Persistence, tub stickers, crisis survival (tools proven successful for a century) My ancestors who survived the years from 1918-1929 developed effective, marvelous tools and methods. They not only survived, they thrived while creating a legacy of success still enjoyed by family beneficiaries 102 years later.
I think of an old poem by Robert Frost, about a mountain stream rushing and splashing down stream against obstacles, logs, and it hits a boulder. For a moment, the water runs backward, back on itself.
Like life, we are pressed, rushing, turning, always being pushed. But sometimes, before we go further, something stops us, and we go back, back to re-evaluate. And in that repose consider if we wish to be propelled, compelled, by forces pushing us down, down, crashing along in life.
It is then, perhaps that we should consider our roots, our ancestors, before going further into the froth and splashing collisions of life. Back even with a rushing stream all around. Like today, our ancestors dealt with multi pronged disasters. Crashes, curves, rocks and fallen trees along the way.
- Our ancestors 102 years ago, had the Spanish influenza epidemic (which killed 650,000 Americans and over 55,000,000 world wide).
- They suffered World War 1 which killed another 600,000 of our boys.
- They endured the Great Depression, which killed the economy and dashed hopes of millions.
Today our disasters are:
- Covid 19 pandemic (120,000 Americans dead so far, projecting 200,000 within 4 months 300,000 possible in a year.)
- Racial riots civic/social unrest.
- Worst recession since 1929.
- Weather extremes seemed unrelenting, farmers facing drought, others flood, others earthquakes and hurricanes like no others.
How did our ancestors manage to get through it? I can think of a few ways. They found ways to accept the hardships and then laugh at the irony of hardships and laugh at the pain.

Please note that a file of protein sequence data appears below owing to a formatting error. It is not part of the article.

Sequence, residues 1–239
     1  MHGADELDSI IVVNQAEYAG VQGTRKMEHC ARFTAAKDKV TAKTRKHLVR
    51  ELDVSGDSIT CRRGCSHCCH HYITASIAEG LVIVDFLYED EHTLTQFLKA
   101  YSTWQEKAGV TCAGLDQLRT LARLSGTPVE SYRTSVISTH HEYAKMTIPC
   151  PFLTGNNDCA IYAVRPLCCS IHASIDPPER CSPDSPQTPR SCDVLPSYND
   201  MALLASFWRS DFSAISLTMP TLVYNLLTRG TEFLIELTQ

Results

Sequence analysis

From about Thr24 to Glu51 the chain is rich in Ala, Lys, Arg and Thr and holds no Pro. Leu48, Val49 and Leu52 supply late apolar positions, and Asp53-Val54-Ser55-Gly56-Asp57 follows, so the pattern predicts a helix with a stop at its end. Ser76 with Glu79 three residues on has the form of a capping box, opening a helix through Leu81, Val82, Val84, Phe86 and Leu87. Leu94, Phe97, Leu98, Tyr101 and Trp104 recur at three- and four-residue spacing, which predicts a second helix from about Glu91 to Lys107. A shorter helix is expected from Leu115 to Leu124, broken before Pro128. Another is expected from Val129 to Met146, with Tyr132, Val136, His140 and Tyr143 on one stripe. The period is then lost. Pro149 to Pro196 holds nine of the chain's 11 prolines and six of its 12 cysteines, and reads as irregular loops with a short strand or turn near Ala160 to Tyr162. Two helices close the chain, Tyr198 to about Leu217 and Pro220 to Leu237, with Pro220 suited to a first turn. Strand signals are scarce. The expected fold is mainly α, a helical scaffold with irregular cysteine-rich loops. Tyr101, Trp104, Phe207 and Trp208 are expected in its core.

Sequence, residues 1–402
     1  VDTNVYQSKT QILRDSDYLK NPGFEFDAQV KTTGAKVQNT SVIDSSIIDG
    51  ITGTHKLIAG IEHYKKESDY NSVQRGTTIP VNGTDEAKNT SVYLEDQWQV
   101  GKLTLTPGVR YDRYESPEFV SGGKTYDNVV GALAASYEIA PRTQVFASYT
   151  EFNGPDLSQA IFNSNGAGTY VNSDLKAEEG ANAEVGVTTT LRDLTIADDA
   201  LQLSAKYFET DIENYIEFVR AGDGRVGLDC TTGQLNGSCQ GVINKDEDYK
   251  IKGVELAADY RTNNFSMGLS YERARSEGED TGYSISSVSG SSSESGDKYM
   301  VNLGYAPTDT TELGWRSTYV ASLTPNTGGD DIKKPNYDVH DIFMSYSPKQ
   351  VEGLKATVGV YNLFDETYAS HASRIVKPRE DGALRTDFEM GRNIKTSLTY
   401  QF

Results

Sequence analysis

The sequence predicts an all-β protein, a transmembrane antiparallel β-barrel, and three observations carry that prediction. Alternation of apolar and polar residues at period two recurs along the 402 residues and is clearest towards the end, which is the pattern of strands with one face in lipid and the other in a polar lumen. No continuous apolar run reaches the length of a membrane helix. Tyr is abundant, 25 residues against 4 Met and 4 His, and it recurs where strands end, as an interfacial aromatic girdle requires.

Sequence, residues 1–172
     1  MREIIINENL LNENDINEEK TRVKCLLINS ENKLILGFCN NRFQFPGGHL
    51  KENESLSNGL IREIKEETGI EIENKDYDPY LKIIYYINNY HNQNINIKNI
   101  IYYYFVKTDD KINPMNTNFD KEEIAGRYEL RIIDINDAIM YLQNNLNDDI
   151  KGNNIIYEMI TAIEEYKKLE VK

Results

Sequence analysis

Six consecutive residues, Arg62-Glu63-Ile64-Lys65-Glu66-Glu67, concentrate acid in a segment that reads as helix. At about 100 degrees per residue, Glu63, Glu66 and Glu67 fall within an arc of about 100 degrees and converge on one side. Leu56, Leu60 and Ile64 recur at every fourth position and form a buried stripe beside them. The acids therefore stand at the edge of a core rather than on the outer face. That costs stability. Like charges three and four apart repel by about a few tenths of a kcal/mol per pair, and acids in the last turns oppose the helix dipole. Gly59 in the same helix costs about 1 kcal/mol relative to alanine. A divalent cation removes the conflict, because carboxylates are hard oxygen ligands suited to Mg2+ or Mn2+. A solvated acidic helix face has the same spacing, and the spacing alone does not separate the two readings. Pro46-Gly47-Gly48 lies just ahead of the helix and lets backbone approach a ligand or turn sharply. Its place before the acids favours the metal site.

For example we often heard jokes about the drought, the weather, the crop failures. Grandma would say: “Looks like we are going to have another ‘tub-sticker’” “Grandma what is a tub-sticker?” “Child that is when the wind blows so hard and long it picks up the wash tub from the neighbor’s front yard, blows it against the side of our house and holds it there for 3 days without ever letting it fall!” Then a heartfelt laugh from deep in Grandma's spirit. It was a "tall tale" but with ironic and telling elements of truth, funny because of the blending of "truth" with "exaggeration".
Or one farmer to his neighbor, complains “Sand storm today”. The other “Yes I watched your 160 acres just blow over."
Drought. “Mmmmm. Mmmmm. It is dry” farmer comments. “So dry our cows are giving us dehydrated milk powder!”
“How was your cotton crop Amos?” “One B per acre“ “One bale per acre, great!” Says Henry “No one boll per acre” (cotton boll)
Those tough and resilient West Texans learned to laugh and joke with one another when times were hard. In face of disaster, they spit back with laughter. And knowing compassion.